Animals from diverse phyla possess neurons that are activated by the product of aerobic respiration, CO2. It has long been thought that such neurons primarily detect the CO2 metabolites protons and bicarbonate. We have determined the chemical tuning of isolated CO2 chemosensory BAG neurons of the nematode Caenorhabditis elegans. We show that BAG neurons are principally tuned to detect molecular CO2, although they can be activated by acid stimuli. One component of the BAG transduction pathway, the receptor-type guanylate cyclase GCY-9, suffices to confer cellular sensitivity to both molecular CO2 and acid, indicating that it is a bifunctional chemoreceptor. We speculate that in other animals, receptors similarly capable of detecting molecular CO2 might mediate effects of CO2 on neural circuits and behavior.
IRK-1 Potassium Channels Mediate Peptidergic Inhibition of Caenorhabditis elegans Serotonin Neurons via a Go Signaling Pathway
Emtage, Lesley; Aziz-Zaman, Sonya; Padovan-Merhar, Olivia; Horvitz, H Robert; Fang-Yen, Christopher; Ringstad, Niels
To identify molecular mechanisms that function in G-protein signaling, we have performed molecular genetic studies of a simple behavior of the nematode Caenorhabditis elegans, egg laying, which is driven by a pair of serotonergic neurons, the hermaphrodite-specific neurons (HSNs). The activity of the HSNs is regulated by the G(o)-coupled receptor EGL-6, which mediates inhibition of the HSNs by neuropeptides. We report here that this inhibition requires one of three inwardly rectifying K(+) channels encoded by the C. elegans genome: IRK-1. Using ChannelRhodopsin-2-mediated stimulation of HSNs, we observed roles for egl-6 and irk-1 in regulating the excitability of HSNs. Although irk-1 is required for inhibition of HSNs by EGL-6 signaling, we found that other G(o) signaling pathways that inhibit HSNs involve irk-1 little or not at all. These findings suggest that the neuropeptide receptor EGL-6 regulates the potassium channel IRK-1 via a dedicated pool of G(o) not involved in other G(o)-mediated signaling. We conclude that G-protein-coupled receptors that signal through the same G-protein in the same cell might activate distinct effectors and that specific coupling of a G-protein-coupled receptor to its effectors can be determined by factors other than its associated G-proteins.
The neurobiology of sensing respiratory gases for the control of animal behavior
Ma, Dengke K; Ringstad, Niels
Aerobic metabolism is fundamental for almost all animal life. Cellular consumption of oxygen (O(2)) and production of carbon dioxide (CO(2)) signal metabolic states and physiological stresses. These respiratory gases are also detected as environmental cues that can signal external food quality and the presence of prey, predators and mates. In both contexts, animal nervous systems are endowed with mechanisms for sensing O(2)/CO(2) to trigger appropriate behaviors and maintain homeostasis of internal O(2)/CO(2). Although different animal species show different behavioral responses to O(2)/CO(2), some underlying molecular mechanisms and pathways that function in the detection of respiratory gases are fundamentally similar and evolutionarily conserved. Studies of Caenorhabditis elegans and Drosophila melanogaster have identified roles for cyclic nucleotide signaling and the hypoxia inducible factor (HIF) transcriptional pathway in mediating behavioral responses to respiratory gases. Understanding how simple invertebrate nervous systems detect respiratory gases to control behavior might reveal general principles common to nematodes, insects and vertebrates that function in the molecular sensing of respiratory gases and the neural control of animal behaviors.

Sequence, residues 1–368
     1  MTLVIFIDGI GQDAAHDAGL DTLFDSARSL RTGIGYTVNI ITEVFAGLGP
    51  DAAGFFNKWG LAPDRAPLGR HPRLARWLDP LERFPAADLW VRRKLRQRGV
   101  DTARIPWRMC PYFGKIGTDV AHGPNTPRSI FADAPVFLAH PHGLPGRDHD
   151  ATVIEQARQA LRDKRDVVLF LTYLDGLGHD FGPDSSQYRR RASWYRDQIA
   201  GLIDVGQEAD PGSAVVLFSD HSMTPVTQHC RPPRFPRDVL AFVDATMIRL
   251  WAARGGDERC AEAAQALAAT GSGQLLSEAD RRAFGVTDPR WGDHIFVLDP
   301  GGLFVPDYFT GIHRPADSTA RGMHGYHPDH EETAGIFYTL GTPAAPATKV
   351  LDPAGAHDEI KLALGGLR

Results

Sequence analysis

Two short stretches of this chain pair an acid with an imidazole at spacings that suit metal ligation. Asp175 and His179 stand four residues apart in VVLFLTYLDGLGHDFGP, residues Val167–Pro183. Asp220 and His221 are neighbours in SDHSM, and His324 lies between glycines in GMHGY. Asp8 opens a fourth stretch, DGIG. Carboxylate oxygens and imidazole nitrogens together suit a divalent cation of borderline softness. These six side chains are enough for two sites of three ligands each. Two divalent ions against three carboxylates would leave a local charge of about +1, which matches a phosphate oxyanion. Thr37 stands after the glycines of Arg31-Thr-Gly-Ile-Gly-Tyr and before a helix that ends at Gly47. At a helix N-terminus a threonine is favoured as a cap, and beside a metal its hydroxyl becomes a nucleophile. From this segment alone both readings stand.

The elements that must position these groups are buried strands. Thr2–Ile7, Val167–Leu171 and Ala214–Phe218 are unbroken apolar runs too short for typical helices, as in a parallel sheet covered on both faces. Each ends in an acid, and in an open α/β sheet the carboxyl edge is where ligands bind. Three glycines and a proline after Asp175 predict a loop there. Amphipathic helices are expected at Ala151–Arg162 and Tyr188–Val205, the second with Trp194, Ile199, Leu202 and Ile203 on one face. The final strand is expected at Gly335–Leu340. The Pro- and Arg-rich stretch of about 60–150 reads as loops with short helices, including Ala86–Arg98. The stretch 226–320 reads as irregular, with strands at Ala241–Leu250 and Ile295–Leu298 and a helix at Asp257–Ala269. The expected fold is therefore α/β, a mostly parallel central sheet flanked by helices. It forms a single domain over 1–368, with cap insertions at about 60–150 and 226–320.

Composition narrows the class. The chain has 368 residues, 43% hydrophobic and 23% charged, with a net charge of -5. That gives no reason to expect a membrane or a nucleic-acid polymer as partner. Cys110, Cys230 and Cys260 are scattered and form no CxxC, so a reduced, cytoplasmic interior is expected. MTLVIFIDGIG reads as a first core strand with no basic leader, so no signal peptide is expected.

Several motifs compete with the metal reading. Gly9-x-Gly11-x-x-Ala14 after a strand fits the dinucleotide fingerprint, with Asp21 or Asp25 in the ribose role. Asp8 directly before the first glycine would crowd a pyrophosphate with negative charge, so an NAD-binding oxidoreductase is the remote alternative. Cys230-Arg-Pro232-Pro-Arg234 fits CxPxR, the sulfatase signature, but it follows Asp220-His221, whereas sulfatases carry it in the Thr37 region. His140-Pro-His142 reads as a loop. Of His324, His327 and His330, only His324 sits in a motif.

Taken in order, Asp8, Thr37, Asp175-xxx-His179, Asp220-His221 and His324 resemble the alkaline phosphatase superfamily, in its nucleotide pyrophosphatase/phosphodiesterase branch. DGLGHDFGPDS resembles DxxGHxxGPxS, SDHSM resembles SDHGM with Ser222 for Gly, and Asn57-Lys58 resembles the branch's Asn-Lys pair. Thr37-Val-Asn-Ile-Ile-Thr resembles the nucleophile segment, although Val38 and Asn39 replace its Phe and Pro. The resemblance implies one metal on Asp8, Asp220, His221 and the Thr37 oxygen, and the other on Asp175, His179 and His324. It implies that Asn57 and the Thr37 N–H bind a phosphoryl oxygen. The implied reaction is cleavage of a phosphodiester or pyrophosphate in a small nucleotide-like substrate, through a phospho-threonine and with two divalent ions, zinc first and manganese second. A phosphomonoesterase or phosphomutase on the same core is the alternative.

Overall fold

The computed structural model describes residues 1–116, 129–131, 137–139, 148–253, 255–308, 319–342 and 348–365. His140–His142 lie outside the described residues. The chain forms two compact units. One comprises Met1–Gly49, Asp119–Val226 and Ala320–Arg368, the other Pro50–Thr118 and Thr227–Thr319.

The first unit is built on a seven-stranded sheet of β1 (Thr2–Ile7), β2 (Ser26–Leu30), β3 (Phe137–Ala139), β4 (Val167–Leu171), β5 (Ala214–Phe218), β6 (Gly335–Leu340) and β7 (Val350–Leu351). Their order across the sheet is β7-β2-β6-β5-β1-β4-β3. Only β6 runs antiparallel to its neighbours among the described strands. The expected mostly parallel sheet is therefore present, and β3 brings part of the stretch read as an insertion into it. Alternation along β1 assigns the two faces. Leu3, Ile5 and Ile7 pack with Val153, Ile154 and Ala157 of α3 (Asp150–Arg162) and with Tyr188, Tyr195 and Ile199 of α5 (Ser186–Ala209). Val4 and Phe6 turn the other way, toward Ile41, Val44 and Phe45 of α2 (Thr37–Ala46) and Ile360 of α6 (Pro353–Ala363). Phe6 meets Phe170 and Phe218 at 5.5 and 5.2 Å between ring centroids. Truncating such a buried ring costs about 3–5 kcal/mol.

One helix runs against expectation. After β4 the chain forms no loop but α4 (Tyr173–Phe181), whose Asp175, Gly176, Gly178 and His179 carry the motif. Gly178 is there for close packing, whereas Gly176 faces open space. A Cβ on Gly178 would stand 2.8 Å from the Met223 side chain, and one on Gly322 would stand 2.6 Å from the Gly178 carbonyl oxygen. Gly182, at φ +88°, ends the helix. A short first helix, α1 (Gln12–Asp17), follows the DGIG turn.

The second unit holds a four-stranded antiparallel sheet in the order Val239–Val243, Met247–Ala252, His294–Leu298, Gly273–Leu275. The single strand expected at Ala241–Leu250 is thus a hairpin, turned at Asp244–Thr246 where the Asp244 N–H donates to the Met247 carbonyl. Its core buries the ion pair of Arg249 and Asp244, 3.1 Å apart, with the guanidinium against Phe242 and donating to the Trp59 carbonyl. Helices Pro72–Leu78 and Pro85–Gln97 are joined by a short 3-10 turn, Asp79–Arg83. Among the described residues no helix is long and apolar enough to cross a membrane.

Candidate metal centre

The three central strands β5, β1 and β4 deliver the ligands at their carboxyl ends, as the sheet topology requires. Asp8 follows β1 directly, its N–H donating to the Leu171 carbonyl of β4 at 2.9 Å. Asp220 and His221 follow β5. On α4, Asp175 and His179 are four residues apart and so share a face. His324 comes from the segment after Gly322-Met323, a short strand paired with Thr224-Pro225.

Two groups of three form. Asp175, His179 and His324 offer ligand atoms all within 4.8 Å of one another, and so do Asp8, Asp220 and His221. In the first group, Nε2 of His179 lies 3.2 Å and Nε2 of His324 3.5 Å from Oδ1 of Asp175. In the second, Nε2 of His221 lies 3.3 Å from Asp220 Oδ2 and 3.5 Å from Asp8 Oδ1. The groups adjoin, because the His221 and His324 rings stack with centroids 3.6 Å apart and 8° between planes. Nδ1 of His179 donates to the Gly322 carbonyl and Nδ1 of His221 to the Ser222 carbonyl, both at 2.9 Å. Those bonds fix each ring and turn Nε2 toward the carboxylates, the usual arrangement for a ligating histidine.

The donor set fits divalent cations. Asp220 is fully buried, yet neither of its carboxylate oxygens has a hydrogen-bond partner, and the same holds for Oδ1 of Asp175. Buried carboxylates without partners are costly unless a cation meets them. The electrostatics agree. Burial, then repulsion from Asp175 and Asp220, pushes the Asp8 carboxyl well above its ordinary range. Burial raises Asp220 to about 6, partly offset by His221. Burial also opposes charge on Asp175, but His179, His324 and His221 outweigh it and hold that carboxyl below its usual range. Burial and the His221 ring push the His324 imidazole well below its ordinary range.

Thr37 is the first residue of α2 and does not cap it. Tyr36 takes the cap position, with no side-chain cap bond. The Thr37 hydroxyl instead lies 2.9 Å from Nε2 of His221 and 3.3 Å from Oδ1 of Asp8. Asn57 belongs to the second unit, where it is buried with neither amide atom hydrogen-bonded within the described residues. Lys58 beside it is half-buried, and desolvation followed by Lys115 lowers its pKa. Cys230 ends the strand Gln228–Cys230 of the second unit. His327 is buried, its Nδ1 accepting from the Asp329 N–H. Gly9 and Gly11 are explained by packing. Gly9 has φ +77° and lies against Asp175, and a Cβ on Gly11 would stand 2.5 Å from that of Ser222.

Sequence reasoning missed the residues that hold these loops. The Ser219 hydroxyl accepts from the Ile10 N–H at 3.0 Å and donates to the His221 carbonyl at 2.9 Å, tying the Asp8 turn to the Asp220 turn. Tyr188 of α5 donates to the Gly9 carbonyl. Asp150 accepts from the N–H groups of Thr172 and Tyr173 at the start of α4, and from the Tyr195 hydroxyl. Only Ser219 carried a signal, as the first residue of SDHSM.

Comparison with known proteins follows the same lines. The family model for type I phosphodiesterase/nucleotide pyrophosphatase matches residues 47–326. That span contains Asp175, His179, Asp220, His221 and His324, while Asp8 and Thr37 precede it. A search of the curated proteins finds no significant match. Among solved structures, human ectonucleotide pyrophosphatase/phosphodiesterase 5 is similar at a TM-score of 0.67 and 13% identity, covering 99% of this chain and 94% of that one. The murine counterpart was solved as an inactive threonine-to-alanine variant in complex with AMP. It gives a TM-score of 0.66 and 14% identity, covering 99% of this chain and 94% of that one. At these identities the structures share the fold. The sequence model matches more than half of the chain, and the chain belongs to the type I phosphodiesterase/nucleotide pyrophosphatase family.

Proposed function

A Single Gene Target of an ETS-Family Transcription Factor Determines Neuronal CO(2)-Chemosensitivity
Brandt, Julia P; Aziz-Zaman, Sonya; Juozaityte, Vaida; Martinez-Velazquez, Luis A; Petersen, Jakob Gramstrup; Pocock, Roger; Ringstad, Niels
Many animals possess neurons specialized for the detection of carbon dioxide (CO(2)), which acts as a cue to elicit behavioral responses and is also an internally generated product of respiration that regulates animal physiology. In many organisms how such neurons detect CO(2) is poorly understood. We report here a mechanism that endows C. elegans neurons with the ability to detect CO(2). The ETS-5 transcription factor is necessary for the specification of CO(2)-sensing BAG neurons. Expression of a single ETS-5 target gene, gcy-9, which encodes a receptor-type guanylate cyclase, is sufficient to bypass a requirement for ets-5 in CO(2)-detection and transforms neurons into CO(2)-sensing neurons. Because ETS-5 and GCY-9 are members of gene families that are conserved between nematodes and vertebrates, a similar mechanism might act in the specification of CO(2)-sensing neurons in other phyla.